Doctoral Dissertations

Keywords and Phrases

Optimal foraging theory

Abstract

"This work represents a detailed study of the optimization of this process: foraging within a single, finite food patch for a limited amount of time. The work is an example of the computational algorithms of statistical physics being applied to the ecological field of foraging behavior. The analysis begins with an examination of the probability distributions observed in the movement parameters of the zooplankton, Daphnia. While foraging, these small aquatic organisms stochastically choose movement parameters with particular levels of variation, or noise, which are similar across several species. Here, related simulations consistently show that these noise levels may be adjusted to maximize foraging efficiency, regardless of the physical constraints imposed in the models. The results are presented as an example of natural stochastic resonance, in which some function of noise (in this case, the variability in parameter choices), when adapted to a biological process (e.g., the gathering of food), can optimize that process. The architect of this optimization is suggested to be natural selection, a hypothesis further explored with a novel evolutionary algorithm which transforms uniform and uncorrelated parameter distributions into "optimal" forms over thousands of generations of competition amongst foraging agents. The results of the algorithm support the implication that the noise levels are evolved quantities, and also reinforce the hypothesis that stochastic resonance may have a role in their evolution. And lastly, the evolutionary algorithm was extended to larger aquatic organisms feeding in patches through the addition of the Reynolds number as a physical constraint. The results of the modified algorithm clearly differentiate between the trajectories predicted for smaller and larger animals, and match very well with the experimental data reported here for both the Daphnia, and also for a larger fish species, the paddlefish. Since both organisms filter-feed inside finite patches of food, albeit on different scales, the results clearly show the degree to which the physical constraints imposed upon an animal can dictate the evolution of their behavior"--Abstract, page iii.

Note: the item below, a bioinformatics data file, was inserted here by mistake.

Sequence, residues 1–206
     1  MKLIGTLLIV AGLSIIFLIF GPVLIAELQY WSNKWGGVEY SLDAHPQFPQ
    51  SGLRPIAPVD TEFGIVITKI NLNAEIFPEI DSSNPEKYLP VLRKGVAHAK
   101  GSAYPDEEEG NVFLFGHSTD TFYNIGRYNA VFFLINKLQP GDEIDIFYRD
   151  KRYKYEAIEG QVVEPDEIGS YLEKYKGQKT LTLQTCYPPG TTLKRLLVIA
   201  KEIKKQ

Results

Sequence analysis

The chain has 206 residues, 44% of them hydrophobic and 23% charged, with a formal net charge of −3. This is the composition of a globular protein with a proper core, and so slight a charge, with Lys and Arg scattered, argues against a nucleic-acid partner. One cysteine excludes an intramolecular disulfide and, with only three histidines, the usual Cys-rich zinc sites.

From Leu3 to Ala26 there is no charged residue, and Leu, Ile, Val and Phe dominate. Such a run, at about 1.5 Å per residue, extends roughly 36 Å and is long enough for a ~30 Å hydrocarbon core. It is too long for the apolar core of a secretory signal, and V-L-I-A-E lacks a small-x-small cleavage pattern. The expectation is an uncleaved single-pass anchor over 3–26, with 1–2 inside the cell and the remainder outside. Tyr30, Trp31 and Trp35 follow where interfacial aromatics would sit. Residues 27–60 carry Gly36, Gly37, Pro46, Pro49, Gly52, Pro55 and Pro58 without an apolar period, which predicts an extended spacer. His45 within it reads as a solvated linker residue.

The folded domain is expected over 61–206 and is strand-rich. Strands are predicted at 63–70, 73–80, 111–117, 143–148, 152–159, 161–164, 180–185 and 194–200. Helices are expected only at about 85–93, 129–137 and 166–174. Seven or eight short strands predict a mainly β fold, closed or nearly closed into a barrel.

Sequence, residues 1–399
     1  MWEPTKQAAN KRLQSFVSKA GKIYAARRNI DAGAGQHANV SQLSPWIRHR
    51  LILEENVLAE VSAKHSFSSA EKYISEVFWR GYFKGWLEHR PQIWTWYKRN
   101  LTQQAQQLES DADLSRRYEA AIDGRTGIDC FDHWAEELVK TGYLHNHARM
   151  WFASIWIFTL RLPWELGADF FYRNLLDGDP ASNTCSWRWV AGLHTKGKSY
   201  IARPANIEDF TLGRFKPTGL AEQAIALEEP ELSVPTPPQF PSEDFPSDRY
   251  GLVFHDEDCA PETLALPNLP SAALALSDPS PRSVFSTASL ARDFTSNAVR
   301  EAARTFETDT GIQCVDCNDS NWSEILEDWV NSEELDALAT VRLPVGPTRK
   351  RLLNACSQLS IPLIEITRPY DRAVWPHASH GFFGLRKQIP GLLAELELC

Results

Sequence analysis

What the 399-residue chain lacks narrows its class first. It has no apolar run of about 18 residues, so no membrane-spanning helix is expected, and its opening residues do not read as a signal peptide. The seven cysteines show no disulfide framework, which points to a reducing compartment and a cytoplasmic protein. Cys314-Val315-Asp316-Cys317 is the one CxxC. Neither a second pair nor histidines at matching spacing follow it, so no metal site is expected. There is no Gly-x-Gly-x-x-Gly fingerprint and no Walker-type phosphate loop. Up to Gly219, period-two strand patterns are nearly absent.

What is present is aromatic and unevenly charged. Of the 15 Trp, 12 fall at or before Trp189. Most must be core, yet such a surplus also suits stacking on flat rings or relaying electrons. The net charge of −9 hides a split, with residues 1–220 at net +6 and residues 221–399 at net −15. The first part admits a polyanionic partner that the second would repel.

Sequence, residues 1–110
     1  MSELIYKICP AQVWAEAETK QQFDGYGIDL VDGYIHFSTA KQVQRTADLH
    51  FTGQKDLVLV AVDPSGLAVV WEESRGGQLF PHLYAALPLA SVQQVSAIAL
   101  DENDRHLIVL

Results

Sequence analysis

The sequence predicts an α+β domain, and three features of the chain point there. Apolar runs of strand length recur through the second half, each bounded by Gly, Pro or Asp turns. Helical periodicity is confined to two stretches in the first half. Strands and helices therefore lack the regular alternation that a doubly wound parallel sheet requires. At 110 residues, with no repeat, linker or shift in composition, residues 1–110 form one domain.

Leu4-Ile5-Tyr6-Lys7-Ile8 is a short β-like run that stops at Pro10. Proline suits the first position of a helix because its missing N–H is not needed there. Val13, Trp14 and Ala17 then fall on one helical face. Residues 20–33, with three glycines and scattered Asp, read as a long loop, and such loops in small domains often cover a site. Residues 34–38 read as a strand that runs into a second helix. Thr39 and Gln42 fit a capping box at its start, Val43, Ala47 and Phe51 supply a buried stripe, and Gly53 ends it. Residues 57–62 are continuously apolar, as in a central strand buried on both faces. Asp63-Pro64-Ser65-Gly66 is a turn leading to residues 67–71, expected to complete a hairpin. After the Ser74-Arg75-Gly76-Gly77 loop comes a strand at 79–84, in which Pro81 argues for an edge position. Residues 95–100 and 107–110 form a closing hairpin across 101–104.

Advisor(s)

Bahar, Sonya

Committee Member(s)

Yamilov, Alexey
Larson-Prior, Linda
Waddill, George Daniel
Flores, Ricardo

Department(s)

Physics

Degree Name

Ph. D. in Physics

Sponsor(s)

Dr. Sonya Bahar's Startup Funds
National Science Foundation (U.S.)

Publisher

Missouri University of Science and Technology

Publication Date

Spring 2009

Pagination

viii, 85 pages

Note about bibliography

Includes bibliographical references.

Rights

© 2009 Nathan Daniel Dees, All rights reserved.

Document Type

Dissertation - Restricted Access

File Type

text

Language

English

Library of Congress Subject Headings

Decision making -- Mathematical models
Multiple criteria decision making -- Mathematical models
Stochastic analysis
Subsistence hunting -- Decision making -- Analysis

Thesis Number

T 9636

Print OCLC #

748670161

Electronic OCLC #

905621478

Link to Catalog Record

Electronic access to the full-text of this document is restricted to Missouri S&T users. Otherwise, request this publication directly from Missouri S&T Library or contact your local library.

http://laurel.lso.missouri.edu/record=b8342476~S5

Comments

Funded by NSF Career grant No. PHY-0547647

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